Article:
Army Corps Warns of Unexploded Ammunition Near Old World War II Training Site on Long Island

Longtime residents and visitors say they're not concerned

Tranquil is the best way to describe the view from Josephine Albano's Montauk deck, but the 79 year old is fired up about an Army Corps of Engineers letter that went to about 100 of her neighbors.

Albano's condo complex falls within a three-mile area around Montauk's Camp Hero, where anti-aircraft artillery units trained during World War II. The munitions used included bombs, rockets and practice grenades. 

Now the Army Corps is warning that some unexploded munitions may still be around, on land or in the water. The letter to residents reads in part, "Available information indicates military munitions may be present on or near your property." 

Albano said she's never seen anything indicating any danger of old munition in her decades of living there, and she's not worried.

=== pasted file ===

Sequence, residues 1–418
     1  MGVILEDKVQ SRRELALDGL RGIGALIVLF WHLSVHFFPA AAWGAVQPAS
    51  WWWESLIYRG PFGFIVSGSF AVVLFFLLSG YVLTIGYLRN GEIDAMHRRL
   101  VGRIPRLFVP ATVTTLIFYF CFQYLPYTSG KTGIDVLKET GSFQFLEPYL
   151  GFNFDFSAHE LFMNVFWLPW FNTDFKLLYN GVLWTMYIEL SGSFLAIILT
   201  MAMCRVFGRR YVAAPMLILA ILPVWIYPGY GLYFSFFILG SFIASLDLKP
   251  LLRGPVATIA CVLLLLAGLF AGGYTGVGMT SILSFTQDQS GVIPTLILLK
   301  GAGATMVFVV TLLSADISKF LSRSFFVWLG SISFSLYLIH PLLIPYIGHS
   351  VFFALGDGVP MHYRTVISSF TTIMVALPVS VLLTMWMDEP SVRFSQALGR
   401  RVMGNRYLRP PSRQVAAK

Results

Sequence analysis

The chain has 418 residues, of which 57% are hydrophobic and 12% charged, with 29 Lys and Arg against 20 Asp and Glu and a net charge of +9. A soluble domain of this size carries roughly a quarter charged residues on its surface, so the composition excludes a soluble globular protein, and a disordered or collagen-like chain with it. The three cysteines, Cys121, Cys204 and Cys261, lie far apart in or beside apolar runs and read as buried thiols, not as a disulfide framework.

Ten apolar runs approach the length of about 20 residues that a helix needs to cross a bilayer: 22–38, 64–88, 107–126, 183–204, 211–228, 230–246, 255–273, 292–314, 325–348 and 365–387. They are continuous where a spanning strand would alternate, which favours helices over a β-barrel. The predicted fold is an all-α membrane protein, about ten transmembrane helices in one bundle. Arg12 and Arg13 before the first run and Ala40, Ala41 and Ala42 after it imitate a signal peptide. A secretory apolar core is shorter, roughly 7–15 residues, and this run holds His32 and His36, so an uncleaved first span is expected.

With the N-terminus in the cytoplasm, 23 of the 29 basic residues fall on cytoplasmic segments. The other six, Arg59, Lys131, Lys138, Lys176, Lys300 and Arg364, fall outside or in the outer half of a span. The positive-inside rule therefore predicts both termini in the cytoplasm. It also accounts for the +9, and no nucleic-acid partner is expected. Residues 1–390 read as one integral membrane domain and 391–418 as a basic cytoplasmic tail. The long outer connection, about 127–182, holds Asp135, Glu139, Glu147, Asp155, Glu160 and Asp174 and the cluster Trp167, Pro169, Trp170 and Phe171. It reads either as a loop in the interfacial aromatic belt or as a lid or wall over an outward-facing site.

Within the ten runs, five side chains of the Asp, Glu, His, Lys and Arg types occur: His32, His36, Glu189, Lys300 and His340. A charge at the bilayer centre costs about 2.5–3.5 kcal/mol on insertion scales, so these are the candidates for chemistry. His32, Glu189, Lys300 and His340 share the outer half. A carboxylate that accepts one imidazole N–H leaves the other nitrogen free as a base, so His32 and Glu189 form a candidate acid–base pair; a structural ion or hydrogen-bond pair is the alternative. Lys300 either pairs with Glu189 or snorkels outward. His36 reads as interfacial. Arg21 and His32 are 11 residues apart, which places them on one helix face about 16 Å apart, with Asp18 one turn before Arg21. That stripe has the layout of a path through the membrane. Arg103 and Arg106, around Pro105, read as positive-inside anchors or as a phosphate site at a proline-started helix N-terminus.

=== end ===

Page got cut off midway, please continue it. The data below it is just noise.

"I know it's a matter of liability," she said. "It's a CYA letter, basically, is what it is." 

"The fact that they have to tell people not to touch a bomb -- that tells me something about people these days," Albano said, rolling her eyes. "It's silly." 

An Army Corps spokesman said no explosives have actually been found but the letter is simply a reminder to "recognize, retreat and report if they come across anything unusual." 

But no one near Camp Hero seemed worried about coming across a bomb. One surfer said he's been coming out there since he was a child: "If nothing's happened for this many years... I'm sure it's overblown, and nothing's gonna happen." 

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